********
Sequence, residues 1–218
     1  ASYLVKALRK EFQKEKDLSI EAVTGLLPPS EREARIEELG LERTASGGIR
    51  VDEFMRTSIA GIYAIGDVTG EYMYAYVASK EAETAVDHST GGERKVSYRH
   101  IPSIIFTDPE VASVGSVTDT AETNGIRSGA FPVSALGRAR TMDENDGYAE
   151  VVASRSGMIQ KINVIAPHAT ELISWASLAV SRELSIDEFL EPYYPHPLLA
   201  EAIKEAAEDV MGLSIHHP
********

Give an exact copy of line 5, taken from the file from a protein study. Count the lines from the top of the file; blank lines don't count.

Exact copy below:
   151  VVASRSGMIQ KINVIAPHAT ELISWASLAV SRELSIDEFL EPYYPHPLLA